Yesterday, the governor held a press conference, supported by state Attorney General Delaney, Manchester Police Chief Mara, and other senior law enforcement officials, claiming that SB88 would empower criminals.  Two hours later, another press conference, sponsored by pro-gun activists, strongly opposed these ideas.  Prominent among the speakers were Reps. Jenn Coffey and Ken Kreis, both Senior Advisors of Pro-Gun New Hampshire, and Pro-Gun New Hampshire General Counsel Evan Nappen, who reiterated the points made in his recent article -- -- and was quoted in three New Hampshire newspapers:

The Dummy’s Guide to the “Duty to Retreat”

By Evan F. Nappen, Attorney at Law 

[Posted Monday, September 5, 2011, at 11:40 a.m.]

Will the passage of New Hampshire Senate Bill 88 (SB88), which includes the “stand your ground” exception to the “duty to retreat,” be good or bad for New Hampshire?  Governor Lynch, Manchester Police Chief Mara, and other law enforcement representatives say limiting the “duty to retreat” will be bad, and that it will empower criminals and gang members to get away with committing violent crimes.  Republican leaders say it will be good for honest citizens who will no longer have to consider retreating when faced with criminal violence as long as that person is “anywhere he or she has a right to be.”  Who is correct?  Throughout the debate, no one has discussed RSA 627:4, the state law that explains the “duty to retreat.”  Both sides have made claims as to SB88’s potential effect, but what is the truth? What follows is RSA 627:4 with SB88’s changes.  (Section I, which concerns only non-deadly force, isn’t shown. The new language that SB88 adds is in bold italics, and the old language that SB88 cuts is in [square brackets].)

Governor vetoes SB88

[Posted Friday, July 15, 2011, at 9:15 a.m.]  After a lengthy -- and tragic -- series of legislative efforts, SB88 finally made it to the governor's desk.  Unfortunately, Governor Lynch demonstrated his anti-gun bias, and vetoed the bill.  It is too early to say whether our state legislature will work to overturn the governor's veto.  Note that the Union Leader has published an editorial on the veto, at .


Rumor Confirmed! Why Senator Boutin Killed Constitutional Carry

[Posted Friday, June 24, 2011, at 9:50 a.m.]

by State Representative Ken Kreis, Sr.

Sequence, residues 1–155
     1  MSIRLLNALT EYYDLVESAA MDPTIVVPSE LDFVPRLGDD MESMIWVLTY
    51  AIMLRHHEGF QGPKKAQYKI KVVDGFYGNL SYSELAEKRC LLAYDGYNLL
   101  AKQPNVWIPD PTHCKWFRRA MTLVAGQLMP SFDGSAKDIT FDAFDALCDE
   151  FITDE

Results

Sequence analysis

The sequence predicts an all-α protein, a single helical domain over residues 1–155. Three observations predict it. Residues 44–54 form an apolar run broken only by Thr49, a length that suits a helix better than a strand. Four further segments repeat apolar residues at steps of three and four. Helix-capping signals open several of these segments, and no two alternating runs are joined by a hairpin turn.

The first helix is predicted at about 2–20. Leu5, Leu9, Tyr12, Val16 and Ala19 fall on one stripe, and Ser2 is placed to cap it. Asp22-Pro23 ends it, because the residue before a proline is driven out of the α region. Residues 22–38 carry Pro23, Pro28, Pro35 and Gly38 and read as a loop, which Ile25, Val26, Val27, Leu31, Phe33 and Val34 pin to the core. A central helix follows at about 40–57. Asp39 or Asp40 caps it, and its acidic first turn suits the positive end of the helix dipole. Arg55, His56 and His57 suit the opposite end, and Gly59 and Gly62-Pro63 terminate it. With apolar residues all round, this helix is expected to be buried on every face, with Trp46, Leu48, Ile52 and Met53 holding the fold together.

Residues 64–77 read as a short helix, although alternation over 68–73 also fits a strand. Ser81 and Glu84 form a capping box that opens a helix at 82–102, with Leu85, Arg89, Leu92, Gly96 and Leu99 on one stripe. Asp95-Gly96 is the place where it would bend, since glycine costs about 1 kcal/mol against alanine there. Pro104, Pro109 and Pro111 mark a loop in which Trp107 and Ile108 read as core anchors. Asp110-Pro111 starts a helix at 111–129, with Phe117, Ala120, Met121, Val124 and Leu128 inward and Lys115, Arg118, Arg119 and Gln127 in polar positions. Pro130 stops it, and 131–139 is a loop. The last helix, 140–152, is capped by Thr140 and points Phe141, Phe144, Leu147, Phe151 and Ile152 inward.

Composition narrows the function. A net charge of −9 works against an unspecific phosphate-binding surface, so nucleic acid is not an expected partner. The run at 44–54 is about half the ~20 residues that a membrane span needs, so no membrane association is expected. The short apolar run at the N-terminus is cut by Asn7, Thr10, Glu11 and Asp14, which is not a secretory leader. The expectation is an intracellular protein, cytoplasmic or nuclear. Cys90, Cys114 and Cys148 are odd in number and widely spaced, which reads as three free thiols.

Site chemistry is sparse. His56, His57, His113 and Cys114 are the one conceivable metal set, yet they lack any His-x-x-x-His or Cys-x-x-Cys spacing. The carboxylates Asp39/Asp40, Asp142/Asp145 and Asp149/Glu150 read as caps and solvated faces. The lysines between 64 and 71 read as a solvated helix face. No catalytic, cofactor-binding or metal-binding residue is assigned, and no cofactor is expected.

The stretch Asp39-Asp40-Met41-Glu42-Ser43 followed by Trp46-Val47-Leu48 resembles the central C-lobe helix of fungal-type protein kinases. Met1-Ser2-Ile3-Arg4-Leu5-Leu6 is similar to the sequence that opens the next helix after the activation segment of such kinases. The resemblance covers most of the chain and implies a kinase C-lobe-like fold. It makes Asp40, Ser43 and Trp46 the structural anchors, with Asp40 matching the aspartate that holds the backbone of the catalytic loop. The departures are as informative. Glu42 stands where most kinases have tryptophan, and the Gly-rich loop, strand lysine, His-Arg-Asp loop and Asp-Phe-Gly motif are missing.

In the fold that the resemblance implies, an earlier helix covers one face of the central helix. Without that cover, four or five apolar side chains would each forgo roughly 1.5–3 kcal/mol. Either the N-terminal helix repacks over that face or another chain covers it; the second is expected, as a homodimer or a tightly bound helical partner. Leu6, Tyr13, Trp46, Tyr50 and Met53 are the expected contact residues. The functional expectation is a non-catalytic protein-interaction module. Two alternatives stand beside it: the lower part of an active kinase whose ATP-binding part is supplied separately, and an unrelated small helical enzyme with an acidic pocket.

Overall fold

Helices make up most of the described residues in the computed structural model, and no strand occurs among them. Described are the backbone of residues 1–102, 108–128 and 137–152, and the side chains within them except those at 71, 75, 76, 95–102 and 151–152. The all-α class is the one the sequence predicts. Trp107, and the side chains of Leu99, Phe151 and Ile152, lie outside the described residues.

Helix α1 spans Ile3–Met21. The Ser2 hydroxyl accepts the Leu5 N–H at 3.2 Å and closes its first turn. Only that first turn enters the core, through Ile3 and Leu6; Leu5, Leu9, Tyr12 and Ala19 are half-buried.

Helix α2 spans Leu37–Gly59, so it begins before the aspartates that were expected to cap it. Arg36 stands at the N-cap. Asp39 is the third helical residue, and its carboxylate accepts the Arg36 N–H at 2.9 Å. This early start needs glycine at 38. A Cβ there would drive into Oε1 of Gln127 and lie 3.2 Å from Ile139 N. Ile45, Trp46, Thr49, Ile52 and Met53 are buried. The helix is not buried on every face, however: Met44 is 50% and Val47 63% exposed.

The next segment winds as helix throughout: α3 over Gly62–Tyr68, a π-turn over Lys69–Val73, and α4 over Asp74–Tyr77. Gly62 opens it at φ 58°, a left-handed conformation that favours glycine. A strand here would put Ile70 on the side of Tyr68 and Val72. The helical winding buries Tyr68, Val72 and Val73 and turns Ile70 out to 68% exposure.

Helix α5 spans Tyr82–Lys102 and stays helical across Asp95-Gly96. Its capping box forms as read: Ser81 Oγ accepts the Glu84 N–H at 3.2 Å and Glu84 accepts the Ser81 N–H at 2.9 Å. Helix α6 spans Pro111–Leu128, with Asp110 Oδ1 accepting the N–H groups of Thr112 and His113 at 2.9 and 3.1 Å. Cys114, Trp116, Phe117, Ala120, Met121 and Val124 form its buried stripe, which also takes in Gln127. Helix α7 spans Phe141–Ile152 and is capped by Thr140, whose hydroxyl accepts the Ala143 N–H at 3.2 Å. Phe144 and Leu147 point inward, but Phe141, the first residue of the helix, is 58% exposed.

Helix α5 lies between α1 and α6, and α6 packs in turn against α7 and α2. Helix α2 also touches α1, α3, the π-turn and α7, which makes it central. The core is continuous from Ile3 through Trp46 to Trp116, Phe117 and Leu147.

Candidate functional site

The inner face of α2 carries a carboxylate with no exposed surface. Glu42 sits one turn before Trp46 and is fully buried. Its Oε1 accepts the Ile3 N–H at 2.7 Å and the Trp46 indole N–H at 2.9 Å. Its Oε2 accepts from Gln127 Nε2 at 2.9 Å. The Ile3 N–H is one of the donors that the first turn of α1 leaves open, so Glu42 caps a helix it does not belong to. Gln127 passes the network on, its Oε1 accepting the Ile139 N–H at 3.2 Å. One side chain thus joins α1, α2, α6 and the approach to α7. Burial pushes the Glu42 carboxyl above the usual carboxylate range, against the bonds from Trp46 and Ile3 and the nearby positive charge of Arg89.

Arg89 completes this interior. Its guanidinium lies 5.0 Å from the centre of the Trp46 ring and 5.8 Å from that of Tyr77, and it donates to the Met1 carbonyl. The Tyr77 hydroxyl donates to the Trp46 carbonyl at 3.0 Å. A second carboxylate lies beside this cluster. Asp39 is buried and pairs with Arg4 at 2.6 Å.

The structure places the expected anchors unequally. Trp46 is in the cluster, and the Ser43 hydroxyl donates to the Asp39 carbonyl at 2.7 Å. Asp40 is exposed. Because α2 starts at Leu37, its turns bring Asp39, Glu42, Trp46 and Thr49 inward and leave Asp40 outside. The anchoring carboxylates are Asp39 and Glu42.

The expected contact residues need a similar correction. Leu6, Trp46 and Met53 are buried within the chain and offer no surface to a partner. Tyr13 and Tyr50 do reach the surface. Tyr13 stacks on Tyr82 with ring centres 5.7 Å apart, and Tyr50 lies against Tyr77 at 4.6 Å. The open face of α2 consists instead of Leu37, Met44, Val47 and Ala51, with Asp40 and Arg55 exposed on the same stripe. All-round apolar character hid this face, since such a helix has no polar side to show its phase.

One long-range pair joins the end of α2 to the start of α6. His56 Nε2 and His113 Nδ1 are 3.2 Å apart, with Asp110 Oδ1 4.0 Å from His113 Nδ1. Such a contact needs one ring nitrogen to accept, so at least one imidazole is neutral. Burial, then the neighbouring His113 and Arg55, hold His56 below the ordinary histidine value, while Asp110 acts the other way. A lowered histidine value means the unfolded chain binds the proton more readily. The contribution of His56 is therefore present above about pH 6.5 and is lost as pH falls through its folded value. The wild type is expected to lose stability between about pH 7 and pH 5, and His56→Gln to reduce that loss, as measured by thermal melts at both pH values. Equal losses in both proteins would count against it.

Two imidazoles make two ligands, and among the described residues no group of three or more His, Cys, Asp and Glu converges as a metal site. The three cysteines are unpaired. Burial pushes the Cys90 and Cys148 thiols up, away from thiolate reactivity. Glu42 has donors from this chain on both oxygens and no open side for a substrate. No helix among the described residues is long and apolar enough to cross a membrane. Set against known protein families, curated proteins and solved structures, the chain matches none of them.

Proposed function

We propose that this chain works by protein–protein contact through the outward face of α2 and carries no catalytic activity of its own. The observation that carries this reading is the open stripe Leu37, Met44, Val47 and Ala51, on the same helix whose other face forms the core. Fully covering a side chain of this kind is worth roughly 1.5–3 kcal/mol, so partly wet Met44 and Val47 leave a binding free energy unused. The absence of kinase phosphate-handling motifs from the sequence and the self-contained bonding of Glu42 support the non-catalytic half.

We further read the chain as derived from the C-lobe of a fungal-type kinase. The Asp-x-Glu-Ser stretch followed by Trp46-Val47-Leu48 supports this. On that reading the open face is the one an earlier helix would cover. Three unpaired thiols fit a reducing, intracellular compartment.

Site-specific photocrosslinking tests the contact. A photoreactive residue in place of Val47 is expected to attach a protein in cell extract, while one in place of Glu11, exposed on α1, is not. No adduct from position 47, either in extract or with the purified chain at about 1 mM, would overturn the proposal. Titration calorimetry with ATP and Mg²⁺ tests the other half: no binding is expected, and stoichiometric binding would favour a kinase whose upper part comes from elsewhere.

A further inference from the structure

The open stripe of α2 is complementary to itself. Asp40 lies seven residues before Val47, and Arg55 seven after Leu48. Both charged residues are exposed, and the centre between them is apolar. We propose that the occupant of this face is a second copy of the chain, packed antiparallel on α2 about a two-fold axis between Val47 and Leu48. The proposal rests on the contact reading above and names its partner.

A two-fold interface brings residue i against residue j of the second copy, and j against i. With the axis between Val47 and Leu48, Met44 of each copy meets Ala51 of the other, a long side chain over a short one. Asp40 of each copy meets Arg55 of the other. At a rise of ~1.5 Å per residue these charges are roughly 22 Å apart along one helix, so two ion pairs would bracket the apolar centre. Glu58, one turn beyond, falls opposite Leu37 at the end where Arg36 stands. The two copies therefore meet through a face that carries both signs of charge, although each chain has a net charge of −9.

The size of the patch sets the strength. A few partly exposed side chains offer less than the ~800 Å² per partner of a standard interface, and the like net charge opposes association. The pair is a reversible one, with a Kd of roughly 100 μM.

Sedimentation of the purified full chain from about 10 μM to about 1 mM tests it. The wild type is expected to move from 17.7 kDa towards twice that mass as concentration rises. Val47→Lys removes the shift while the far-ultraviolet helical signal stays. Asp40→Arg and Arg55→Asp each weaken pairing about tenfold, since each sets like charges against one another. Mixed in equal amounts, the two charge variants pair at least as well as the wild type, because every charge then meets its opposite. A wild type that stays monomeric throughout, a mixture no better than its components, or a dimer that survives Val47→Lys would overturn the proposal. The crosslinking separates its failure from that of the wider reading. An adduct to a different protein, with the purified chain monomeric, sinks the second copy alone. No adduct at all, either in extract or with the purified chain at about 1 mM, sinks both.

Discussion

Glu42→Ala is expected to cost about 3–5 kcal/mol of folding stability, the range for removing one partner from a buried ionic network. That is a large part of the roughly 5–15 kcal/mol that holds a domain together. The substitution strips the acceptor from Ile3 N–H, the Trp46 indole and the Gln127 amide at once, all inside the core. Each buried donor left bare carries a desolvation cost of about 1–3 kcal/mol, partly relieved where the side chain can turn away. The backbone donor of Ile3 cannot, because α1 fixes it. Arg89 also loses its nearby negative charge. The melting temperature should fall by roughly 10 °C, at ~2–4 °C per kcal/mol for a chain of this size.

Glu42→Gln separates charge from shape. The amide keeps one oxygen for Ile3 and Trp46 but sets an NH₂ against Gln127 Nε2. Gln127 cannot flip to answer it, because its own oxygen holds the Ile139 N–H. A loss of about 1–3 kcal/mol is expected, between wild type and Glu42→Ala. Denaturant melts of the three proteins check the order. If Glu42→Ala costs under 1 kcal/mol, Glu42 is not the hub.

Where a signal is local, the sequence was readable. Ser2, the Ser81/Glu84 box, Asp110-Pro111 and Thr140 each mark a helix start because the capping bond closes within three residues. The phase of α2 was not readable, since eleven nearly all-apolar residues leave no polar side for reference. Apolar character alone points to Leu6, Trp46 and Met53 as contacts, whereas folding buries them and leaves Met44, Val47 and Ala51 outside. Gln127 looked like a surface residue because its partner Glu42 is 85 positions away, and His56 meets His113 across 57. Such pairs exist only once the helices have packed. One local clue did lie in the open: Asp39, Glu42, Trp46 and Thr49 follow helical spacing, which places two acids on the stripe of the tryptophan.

Editor's note: Representative Kreis is an Advisor of Pro-Gun New Hampshire, Inc., and was the House Chair of the recent Committee of Conference on SB88.  Background material on this article may be found in our previous articles: , , , and .  The editor added the emphasis (bold/underline) in paragraph No. 4.

To all,

It has come to my attention that Sen. Boutin attempted to get the several New Hampshire gun groups to the table together to try and move HB330 (the Constitutional Carry bill) out of the Senate. In speaking with the Senator today, he had indicated to me that at least two of the groups voiced their opinion to not show up due to information concerning the killing of Constitutional Carry in NH as posted on at least one website.  

I was distressed by this and attempted to discuss it with the Senator – but he took a different tone and was gone.

Please allow me to discuss a few items from my perspective:

Senator Boutin -- are the rumors true?

[Posted Thursday, June 23, 2011, at 9:45 a.m.]  Editor's note:  This was sent to us from an anonymous source in the State House.  It refers to our earlier article, .

So, Senator David Boutin, which is it?

Many of the gun group representatives are in possession of numerous emails which were sent to Senator Boutin prior to the committee of conference meeting on SB 88.  Those emails prove, without a doubt, that all of the gun groups -- PGNH, SAS, NHFC, GO-NH, and NRA -- had agreed on language to give NH citizens back their constitutional right to permitless carry.

A little birdie has whispered to many in the State House that Senator David Boutin used Constitutional Carry as a hostage to get a friend's government job reinstated by inserting it into the state budget.  When the House denied that budget padding, he retaliated by killing Constitutional Carry in the Senate.